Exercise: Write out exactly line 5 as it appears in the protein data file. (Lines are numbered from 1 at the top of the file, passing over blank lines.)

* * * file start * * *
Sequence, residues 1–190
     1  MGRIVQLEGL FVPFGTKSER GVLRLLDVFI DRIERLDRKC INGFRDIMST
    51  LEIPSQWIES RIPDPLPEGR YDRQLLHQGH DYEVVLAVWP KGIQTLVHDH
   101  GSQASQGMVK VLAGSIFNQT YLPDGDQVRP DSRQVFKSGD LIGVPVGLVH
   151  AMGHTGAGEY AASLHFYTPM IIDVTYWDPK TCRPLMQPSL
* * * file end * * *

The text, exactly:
   151  AMGHTGAGEY AASLHFYTPM IIDVTYWDPK TCRPLMQPSL